Forum for Science, Industry and Business

Sponsored by:     3M 
Search our Site:

 

Neighborhood safety concerns boost TV time, but not necessarily obesity, in preschoolers

06.09.2005


Parents urged to turn off the tube, encourage outdoor play

If mothers of preschoolers perceive their neighborhood as unsafe, their children tend to watch more television, but differ little in amounts of outdoor play or overweight, compared to peers in safer neighborhoods. Drawing from a study of three-year-olds in 20 U.S. cities, researchers reported these findings in the September issue of Pediatrics.

"This is the first study to examine, in a national sample, the relationship between parental perception of neighborhood safety and obesity, physical activity and television viewing in preschool children," said study leader Hillary Burdette, M.D., a pediatrician at The Children’s Hospital of Philadelphia. "Because television viewing is associated with aggression and poorer academic performance in school-aged children, and TV-viewing patterns are established early in life, we decided to study such patterns in preschoolers."



The researchers tested the hypothesis that if mothers perceived their neighborhoods as unsafe, they would tend to keep their children indoors, and the children would have less outdoor play time and more television viewing time. They further reasoned that decreased outdoor activity would raise the preschoolers’ body mass index (BMI) and prevalence of obesity.

In fact, Dr. Burdette found no significant effect on outdoor play time or obesity in the preschoolers. "Although other studies have found some evidence that TV viewing is associated with higher BMI in children, this may only be true in older children for whom the average daily television viewing time is greater," said Dr. Burdette. "An impact on child BMI may not occur until an energy imbalance is sustained over several years."

The researchers used data from the Fragile Families and Child Wellbeing Study, a birth cohort study of nearly 5,000 children born in 20 large U.S. cities from 1998 to 2000. A follow-up study collected data from approximately 3,330 mothers when their children were three years old. Three-quarters of the parents were unmarried at the child’s birth, and 35 percent of the children were from households with incomes below the federal poverty level. Demographically, about half the mothers were black, one quarter were white and one quarter were Hispanic.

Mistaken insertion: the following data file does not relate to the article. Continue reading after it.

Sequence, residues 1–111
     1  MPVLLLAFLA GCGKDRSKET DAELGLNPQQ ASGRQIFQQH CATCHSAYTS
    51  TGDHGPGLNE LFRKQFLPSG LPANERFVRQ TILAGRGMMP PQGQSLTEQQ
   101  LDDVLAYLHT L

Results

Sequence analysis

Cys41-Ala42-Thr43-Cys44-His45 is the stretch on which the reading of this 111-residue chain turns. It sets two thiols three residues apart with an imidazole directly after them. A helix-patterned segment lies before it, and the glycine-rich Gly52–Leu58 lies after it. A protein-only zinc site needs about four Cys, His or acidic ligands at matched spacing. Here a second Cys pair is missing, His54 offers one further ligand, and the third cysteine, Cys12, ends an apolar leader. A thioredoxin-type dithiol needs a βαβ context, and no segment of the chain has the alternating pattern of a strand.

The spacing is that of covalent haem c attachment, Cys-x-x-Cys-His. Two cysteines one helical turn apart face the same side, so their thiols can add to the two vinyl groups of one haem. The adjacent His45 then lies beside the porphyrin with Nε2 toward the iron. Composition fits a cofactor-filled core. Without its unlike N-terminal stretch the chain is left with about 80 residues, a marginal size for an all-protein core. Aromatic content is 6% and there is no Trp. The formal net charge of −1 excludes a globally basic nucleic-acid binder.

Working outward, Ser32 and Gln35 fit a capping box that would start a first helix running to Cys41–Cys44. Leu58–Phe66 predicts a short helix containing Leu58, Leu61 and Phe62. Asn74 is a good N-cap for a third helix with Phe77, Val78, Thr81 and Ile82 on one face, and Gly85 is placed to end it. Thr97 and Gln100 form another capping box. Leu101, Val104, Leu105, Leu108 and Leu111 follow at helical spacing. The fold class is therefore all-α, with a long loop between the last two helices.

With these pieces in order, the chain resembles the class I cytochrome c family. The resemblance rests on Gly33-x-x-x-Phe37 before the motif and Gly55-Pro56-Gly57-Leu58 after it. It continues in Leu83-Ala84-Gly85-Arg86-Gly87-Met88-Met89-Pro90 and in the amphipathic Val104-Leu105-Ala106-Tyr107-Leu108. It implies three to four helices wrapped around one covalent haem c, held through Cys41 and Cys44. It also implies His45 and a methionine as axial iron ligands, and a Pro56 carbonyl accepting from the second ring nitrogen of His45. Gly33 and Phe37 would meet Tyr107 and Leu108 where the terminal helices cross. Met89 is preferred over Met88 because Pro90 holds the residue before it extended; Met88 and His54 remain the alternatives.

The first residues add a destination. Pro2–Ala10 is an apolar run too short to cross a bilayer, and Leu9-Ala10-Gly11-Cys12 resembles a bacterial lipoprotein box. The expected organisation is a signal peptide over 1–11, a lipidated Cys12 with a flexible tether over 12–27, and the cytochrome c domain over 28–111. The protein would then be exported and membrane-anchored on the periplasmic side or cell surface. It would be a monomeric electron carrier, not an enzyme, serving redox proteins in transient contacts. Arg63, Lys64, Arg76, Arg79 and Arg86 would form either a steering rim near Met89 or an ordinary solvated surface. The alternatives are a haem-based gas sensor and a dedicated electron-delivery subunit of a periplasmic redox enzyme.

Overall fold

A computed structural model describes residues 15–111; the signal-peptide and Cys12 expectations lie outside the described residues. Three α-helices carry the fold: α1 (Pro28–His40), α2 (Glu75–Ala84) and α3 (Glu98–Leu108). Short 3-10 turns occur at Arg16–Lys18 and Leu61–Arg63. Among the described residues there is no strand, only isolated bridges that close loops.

Dr. Burdette assessed the mothers’ perception of neighborhood safety with a questionnaire that asked the mother how often she saw gang activity, adult loitering, drug dealers, and other signs of potentially unsafe activity.

Almost two-thirds of the children watched more than two hours of television daily, with children in neighborhoods thought unsafe watching approximately 10 percent more TV (about 20 minutes a day) than children in neighborhoods perceived as safer. Obesity prevalence and outdoor play time did not differ significantly between children in safe and unsafe neighborhoods.

Dr. Burdette also mentions that one reason that outdoor play may not have been related to BMI is that outdoor play is not a direct measure of physical activity as some children can be physically active while playing indoors.

The researchers maintain that increasing children’s outdoor play time and making neighborhoods safer for children are two objectives that, if achieved, may still have beneficial impacts on children’s well-being, even if the two objectives are unrelated and even if neither improves fitness or reduces fatness. In the face of the obesity epidemic, it is intuitive to provide a prescription for parents to turn off the television and encourage their children to play outdoors.

Joey Marie McCool | EurekAlert!
Further information:
http://www.chop.edu

More articles from Studies and Analyses:

nachricht Smart Data Transformation – Surfing the Big Wave
02.12.2016 | Fraunhofer-Institut für Angewandte Informationstechnik FIT

nachricht Climate change could outpace EPA Lake Champlain protections